ecclesiastical

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ecclesiastical

of or relating to the Christian Church
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144) By expressing the church's intent to be ecclesiastically subject to PCUSA, the court determined that Gashland's charter intended for all non-doctrinal decisions to be reserved for the congregation.
There is hope for the future, theologically and ecclesiastically.
arrest and bring to Newgate gaol all felons and evildoers notoriously suspected of coming nightly out of places ecclesiastically privileged, assembling in the city and suburbs to commit divers felonies, robberies, thefts, murders, etc.
American evangelicalism is characterized ecclesiastically by its tendency (emerging out of its giving priority to individual faith over corporate religious practice) to circulate primarily in non-denominational and para-church organizations and doctrinally by its adherents' emphasis on individual conversion, the authority of scripture, crucicentrism, the centrality of evangelical witness, and the recognition that "the real, historical character of God's saving work recorded in Scripture" informs each individual's attempt to live a "spiritually transformed life" (Marsden, ix-x).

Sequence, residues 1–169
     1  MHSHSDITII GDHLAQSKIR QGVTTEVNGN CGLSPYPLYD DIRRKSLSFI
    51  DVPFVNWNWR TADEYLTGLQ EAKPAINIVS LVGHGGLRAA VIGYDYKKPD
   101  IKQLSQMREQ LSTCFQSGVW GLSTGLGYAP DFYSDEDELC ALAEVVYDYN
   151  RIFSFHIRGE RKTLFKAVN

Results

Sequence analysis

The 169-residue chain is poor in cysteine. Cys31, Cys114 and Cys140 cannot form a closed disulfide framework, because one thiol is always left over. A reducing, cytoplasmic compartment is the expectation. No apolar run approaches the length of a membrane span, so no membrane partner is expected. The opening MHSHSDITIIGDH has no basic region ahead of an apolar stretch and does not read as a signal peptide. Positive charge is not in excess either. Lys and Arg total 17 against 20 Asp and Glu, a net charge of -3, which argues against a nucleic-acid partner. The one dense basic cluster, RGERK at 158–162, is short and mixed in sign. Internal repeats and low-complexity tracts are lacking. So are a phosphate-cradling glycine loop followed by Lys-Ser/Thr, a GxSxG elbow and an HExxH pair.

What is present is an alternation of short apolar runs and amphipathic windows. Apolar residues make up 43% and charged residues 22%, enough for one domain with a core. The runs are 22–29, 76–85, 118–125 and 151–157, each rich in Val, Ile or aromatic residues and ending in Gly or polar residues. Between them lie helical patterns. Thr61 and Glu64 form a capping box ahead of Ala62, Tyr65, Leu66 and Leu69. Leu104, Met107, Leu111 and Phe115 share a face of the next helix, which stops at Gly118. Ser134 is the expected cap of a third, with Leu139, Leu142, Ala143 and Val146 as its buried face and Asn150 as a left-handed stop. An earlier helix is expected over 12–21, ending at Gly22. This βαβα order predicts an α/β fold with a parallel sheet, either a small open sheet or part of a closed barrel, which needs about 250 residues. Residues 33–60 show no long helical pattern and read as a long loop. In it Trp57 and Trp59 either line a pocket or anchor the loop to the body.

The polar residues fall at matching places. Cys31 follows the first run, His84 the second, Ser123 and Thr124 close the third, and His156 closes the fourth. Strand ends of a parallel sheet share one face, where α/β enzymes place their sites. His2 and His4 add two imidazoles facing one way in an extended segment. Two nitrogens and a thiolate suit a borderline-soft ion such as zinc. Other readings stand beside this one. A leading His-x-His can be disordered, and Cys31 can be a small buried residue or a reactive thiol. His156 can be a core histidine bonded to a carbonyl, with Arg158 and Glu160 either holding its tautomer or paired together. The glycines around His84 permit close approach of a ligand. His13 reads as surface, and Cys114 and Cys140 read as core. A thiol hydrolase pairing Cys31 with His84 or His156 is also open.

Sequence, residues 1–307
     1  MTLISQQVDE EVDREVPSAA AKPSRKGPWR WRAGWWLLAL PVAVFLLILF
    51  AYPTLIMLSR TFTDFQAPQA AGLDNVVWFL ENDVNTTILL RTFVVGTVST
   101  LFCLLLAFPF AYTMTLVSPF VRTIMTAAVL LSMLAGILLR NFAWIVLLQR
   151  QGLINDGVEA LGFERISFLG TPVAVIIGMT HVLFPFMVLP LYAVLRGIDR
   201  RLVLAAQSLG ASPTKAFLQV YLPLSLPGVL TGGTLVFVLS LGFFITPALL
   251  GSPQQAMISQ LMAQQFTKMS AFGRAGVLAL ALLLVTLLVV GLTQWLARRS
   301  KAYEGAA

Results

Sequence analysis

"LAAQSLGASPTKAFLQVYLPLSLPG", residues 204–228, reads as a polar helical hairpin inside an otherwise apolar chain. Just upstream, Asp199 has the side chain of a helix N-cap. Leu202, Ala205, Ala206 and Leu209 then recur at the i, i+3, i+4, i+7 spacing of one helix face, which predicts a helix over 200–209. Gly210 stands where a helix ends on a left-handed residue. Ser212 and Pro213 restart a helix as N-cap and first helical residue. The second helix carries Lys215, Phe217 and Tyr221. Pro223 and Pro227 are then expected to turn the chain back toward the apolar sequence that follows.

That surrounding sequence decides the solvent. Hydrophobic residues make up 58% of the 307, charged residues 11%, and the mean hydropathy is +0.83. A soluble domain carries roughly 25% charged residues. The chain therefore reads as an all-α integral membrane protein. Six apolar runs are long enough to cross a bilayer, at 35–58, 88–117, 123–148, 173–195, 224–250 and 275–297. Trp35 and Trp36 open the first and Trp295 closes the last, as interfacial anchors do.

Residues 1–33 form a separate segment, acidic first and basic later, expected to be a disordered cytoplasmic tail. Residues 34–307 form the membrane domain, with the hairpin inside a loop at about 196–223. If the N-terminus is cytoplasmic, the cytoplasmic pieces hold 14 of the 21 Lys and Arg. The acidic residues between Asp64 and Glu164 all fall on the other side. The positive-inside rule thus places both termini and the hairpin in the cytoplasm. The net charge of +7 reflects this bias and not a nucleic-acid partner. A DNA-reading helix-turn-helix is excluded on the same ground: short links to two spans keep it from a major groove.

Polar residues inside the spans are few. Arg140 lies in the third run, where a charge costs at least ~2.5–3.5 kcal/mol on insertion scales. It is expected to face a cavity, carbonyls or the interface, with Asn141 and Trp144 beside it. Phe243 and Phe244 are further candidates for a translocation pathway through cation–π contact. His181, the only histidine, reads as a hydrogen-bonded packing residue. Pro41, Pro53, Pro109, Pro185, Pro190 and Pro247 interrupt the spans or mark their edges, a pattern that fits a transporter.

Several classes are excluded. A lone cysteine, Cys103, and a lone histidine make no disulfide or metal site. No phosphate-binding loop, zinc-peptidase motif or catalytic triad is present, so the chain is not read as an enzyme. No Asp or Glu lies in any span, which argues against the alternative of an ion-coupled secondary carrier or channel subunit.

From finding the information to creating a comprehensive bibliography, Lenburg gives readers all the information they need to use the internet well, making "Guide to Research" an invaluable and ecclesiastically recommended resource.
Almost ecclesiastically poised, these vessels anticipate a narrative incident that eventually happens: The glasses--all four at once--explode, providing the only sound and the only motion of the ninety-second work.
My sister walks the familiar tightrope of the modern household marked by "disparity of cult," as the Catholic/ non-Catholic marriage is ecclesiastically described.
We asked them to respect any ecclesiastically privileged information they may have had about us, and to not defame us to the congregation.
Yemen had no significant diplomatic relations with the west, and it was situated ecclesiastically and politically between the Axumite kingdom of Ethiopia and the east Roman emperor in Constantinople.
This mix of ideals, clearly idiosyncratic in the postwar political and cultural climate, has attracted an eclectic, but not an ecclesiastically or politically coherent, following.
Headley argues that in a religiously penetrated and ecclesiastically constructed society, religious dissent was the only type to prove effective.
OVER the past 200 years, Wythall has been bounced, administratively and ecclesiastically, between Bromsgrove, Kings Norton and Alvechurch.